1. NYC Metropolitan Transit Authority’s 1/1 Ride for Free Day: Free public transportation to keep the revelers off the road—and alive.
2. Walgreens’ 6/21 Free Sunblock Day: In honor of the first day of summer, Walgreens offers with the purchase of its store brand sunblock a second tube for free.
3. Dunkin’ Donuts’ December Donut Day: To celebrate the first day of Hanukkah, Dunkin’ Donuts offers a free donut with the purchase of a cup of coffee (donuts—jelly, in particular–are a tradition on Hanukkah).
4. H&R Block’s 4/16 Free Tax Advice Day: Anyone visiting an H&R Block office the day after Tax Day gets a free 20-minute consultation. This is for those who really plan ahead.
5. BP’s 4/22 Free Energy Day: On Earth Day, customers at BP’s solar-powered service stations receive a free solar-powered charger for mobile devices.
Please add your own suggestions—it’s free.
I’m working on a story for the 7/11/11 issue of PR News on President Obama’s negative public opinion numbers, and what communicators should do if faced with a similar, seemingly immovable object (like the economy). I spoke to three PR pros with considerable experience in the political arena: Richard Levick, president of Levick Communications; Kent Jarrell, EVP at APCO Worldwide; and Ned Barnett, head of Barnett Communications. I asked them what specifically Obama could do to lift his chances for re-election next year, and the answers were illuminating. Here are some excerpts:
Levick: The President received a well-deserved bump after Osama Bin Laden was killed; but popularity is a fickle mistress. The Tip O’Neill wisdom that “all politics is local” still applies —and right now, unemployment is front and center at kitchen tables across America. The President’s ratings are walking hand-in-hand in hand with the peoples’ pocketbooks. Once again, “it’s the economy stupid.”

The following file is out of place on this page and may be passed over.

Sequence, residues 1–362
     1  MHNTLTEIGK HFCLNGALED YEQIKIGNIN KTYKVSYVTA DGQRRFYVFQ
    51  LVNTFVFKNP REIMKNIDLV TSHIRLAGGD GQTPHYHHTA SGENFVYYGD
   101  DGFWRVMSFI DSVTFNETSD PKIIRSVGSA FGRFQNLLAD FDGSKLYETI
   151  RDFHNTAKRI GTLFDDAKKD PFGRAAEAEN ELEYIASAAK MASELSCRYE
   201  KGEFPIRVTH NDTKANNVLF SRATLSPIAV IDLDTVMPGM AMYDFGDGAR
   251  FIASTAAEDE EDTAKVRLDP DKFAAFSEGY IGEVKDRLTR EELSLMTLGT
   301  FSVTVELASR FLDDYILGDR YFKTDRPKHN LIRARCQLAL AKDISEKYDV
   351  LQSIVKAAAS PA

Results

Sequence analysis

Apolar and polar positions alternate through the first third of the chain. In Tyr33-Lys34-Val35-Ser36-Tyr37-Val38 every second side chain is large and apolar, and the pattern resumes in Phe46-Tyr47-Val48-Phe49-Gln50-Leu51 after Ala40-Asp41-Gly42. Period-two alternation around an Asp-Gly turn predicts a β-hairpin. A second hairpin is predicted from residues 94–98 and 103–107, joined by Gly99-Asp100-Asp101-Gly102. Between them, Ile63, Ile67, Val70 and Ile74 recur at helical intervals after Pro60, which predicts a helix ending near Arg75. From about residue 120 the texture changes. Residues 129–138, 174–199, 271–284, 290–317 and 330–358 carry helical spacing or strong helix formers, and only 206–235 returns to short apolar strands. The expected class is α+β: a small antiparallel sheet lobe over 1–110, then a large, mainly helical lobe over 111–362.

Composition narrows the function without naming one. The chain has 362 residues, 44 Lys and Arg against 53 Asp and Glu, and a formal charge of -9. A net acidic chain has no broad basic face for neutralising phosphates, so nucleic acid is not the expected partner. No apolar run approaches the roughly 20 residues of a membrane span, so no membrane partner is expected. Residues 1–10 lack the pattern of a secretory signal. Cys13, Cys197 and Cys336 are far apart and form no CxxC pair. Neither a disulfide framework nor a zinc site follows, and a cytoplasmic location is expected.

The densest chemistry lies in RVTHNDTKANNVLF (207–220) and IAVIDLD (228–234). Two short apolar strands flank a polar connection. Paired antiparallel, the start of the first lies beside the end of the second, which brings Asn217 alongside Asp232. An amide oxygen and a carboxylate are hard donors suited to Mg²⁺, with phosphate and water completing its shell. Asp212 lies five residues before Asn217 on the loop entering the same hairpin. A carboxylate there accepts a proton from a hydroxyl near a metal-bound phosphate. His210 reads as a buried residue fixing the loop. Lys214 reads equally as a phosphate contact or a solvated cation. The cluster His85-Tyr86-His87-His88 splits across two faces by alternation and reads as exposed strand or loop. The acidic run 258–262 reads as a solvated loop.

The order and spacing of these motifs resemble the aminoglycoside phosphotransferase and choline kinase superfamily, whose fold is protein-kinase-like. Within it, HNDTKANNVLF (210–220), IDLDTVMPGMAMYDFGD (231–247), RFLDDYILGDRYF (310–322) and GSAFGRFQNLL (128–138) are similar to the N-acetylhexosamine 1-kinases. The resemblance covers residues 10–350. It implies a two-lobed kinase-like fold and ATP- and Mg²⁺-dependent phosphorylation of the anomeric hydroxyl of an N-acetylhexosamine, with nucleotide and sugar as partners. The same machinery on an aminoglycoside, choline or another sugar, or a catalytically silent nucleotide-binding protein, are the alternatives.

While there isn’t much the President can do to spur economic growth that hasn’t already been done, he does have the advantage of another 16 months during which recovery can accelerate. Add the fact that those vying for the Republican nomination will spend much of that time cannibalizing each other, and I don’t see the President shifting gears too dramatically in the coming months. Waiting is the best option he has on the top issue draining his numbers. He doesn’t need to go on the attack; as his opponents will attack themselves.
Jarrell: The PR strategy should not unnecessarily accentuate the positive. It has to accentuate reality. National security, terrorism and the two wars are pending issues, but James Carville’s warning to fellow campaign workers during the 1992 election, “it’s the economy stupid,” is just as relevant today , if not more so.
As a candidate, Obama was known for his effective use of soaring oratory that focused voters on “hope.” Now, his messages have to be more operational and grounded in leadership and tough decision making. The President has to continually speak in a tone that is consistent with what many Americans are feeling as the country goes through an economic transformation. There has to be plain talk about the realities of the future while not making the mistake Jimmy Carter made when he declared in a nationally televised speech that the American people were suffering from a “crisis of confidence.” I suspect that low economic poll numbers for the President are also driving down other numbers and that higher economic poll numbers will be a “tide that lifts all boats” when it comes to approval ratings.
Barnett: Here’s what Obama WILL do—His strategy will accentuate a positive that the facts may not bear out, and a positive that the voters (based on the polls) don’t see. On key issues that worry the public, I have seen Obama make statements that seem divorced from reality. He says the recession is over, but we have more people who’ve been unemployed for more than six months than at any time in our history (since we began keeping records). Afghanistan is a politically-driven dog’s breakfast, with the President going counter to his generals’ recommendations (even as he has his people “leak” that this was the general’s strategy).
Here is what Obama SHOULD do:
- Admit that despite all his efforts, this economy has proven more intractable than any expert (himself included) – let people who are hurting know that he feels their pain.